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P68 Time-course Of Human Rhinovirus Infection And Upper Respiratory Tract Symptoms During Copd Exacerbations
  1. SN George,
  2. SE Brill,
  3. JP Allinson,
  4. R Singh,
  5. B Kowlessar,
  6. RJ Sapsford,
  7. GC Donaldson,
  8. JA Wedzicha
  1. National Heart and Lung Institute, Imperial College, London, UK

Abstract

Introduction Human rhinoviruses (HRV) are the main aetiological agents of virus-associated COPD exacerbations (Seemungal et al. AJRCCM 2001). The relationship between upper respiratory tract symptoms and HRV load at exacerbation presentation (ExP) and during recovery has not been described in naturally-occurring exacerbations. We quantified changes in airway HRV load at ExP and during the recovery period, in patients reporting symptoms of a cold, sore throat, or both.

Methods Patients in the London COPD cohort recorded new or increased respiratory symptoms on daily diary cards. Exacerbations were defined as an increase in respiratory symptoms for two consecutive days, with at least one symptom being major (dyspnoea, sputum purulence or volume) and the other a major or minor (wheeze, cold, sore throat, cough). Reverse-transcription quantitative PCR was used to detect and quantify HRV in 106 sputum samples collected at ExP (n = 38) and days 3 (n = 16), 7 (n = 27), 14 (n = 16), 35 (n = 6) and 56 (n = 3) following.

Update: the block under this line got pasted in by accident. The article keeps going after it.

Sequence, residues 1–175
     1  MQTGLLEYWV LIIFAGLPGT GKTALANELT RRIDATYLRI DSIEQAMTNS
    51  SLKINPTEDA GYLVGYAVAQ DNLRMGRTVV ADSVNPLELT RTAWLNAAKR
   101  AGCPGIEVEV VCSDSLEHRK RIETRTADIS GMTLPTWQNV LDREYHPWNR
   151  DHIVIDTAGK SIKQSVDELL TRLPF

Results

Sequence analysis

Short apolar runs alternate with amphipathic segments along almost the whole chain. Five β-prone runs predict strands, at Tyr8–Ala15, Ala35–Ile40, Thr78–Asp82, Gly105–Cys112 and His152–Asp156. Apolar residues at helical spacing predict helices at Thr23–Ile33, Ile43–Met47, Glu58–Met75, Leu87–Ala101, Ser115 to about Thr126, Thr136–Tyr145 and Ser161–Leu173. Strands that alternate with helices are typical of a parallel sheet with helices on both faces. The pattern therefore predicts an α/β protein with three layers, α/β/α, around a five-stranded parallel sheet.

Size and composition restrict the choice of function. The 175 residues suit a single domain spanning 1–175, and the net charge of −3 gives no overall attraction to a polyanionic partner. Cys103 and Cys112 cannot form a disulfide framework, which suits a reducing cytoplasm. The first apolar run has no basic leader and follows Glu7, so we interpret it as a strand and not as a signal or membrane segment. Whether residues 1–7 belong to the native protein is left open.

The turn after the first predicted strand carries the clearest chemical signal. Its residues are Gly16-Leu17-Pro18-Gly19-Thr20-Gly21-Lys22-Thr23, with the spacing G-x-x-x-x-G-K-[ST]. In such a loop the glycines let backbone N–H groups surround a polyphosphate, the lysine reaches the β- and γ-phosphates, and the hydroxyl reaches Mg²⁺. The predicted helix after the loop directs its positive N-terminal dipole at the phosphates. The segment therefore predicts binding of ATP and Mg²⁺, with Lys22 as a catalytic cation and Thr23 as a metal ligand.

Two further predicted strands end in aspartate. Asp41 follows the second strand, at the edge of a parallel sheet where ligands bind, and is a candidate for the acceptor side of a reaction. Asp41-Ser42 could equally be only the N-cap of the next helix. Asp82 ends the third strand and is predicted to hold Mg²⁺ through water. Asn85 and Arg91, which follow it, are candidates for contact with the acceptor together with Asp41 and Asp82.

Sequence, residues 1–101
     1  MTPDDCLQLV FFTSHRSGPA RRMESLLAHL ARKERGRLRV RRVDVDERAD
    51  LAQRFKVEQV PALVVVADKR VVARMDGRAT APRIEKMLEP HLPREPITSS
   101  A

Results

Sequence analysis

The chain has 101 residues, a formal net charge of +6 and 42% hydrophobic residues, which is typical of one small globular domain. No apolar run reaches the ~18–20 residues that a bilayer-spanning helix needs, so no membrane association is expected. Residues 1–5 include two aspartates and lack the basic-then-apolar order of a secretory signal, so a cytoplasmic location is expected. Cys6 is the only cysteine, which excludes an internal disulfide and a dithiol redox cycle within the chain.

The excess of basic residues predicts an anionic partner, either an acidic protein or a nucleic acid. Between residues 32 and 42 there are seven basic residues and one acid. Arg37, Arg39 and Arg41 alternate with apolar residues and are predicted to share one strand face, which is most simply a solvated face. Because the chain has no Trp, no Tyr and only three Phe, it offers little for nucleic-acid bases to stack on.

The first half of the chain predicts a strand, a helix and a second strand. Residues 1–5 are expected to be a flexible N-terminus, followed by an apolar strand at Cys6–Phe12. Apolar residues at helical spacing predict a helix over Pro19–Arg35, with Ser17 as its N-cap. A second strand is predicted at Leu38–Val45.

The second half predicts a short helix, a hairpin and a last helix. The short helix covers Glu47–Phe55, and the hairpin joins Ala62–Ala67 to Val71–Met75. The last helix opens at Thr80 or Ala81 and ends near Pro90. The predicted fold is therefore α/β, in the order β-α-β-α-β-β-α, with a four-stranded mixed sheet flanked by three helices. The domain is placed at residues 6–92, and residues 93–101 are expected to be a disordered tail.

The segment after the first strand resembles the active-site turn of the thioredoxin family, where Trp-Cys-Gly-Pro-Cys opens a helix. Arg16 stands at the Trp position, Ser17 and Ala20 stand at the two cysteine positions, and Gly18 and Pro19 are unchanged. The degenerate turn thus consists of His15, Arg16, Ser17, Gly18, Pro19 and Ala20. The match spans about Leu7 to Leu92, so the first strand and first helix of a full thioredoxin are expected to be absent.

Results HRV load decreased significantly from ExP to Day 3 in samples associated with either cold symptoms (p < 0.001) or sore throat (p = 0.049) but not in those associated with both symptoms (Figure 1). At Day 3 the HRV load in samples with both symptoms (n = 5) was significantly higher than in those with cold symptoms only (n = 9) (104.22(3.94–4.88) vs 100.55(0–1.98) pfu/ml; p = 0.002) but not for those with a sore throat only (n = 2) (100.89(0–0.89) pfu/ml; p = 0.095). At Day 7, the median (IQR) HRV load in samples with both symptoms (n = 4) (104.48(1.85–7.28) pfu/ml) was significantly higher than in those with cold symptoms only (n = 19) (100(0–2.74) pfu/ml; p = 0.018) or a sore throat only (n = 4) (100(0–0) pfu/ml; p = 0.029). There was no significant difference at subsequent time-points.

Conclusion Patients reporting both cold symptoms and a sore throat as part of a COPD exacerbation had higher HRV loads than those with just one symptom until after Day 7 post-exacerbation. In patients with both symptoms, the HRV load remained higher for a longer period of time than in patients with only one symptom, which may suggest longer recovery times for more symptomatic patients. These results may inform the timing of administration of antiviral therapies at COPD exacerbation.

Abstract P68 Figure 1

HRV load during the time-course of an exacerbation and recovery period in sputum samples (n = 106) associated with both cold symptoms and a sore throat (n = 23), cold symptoms only (n = 67) or a sore throat only (n = 16). Data shown as mean (±SEM)

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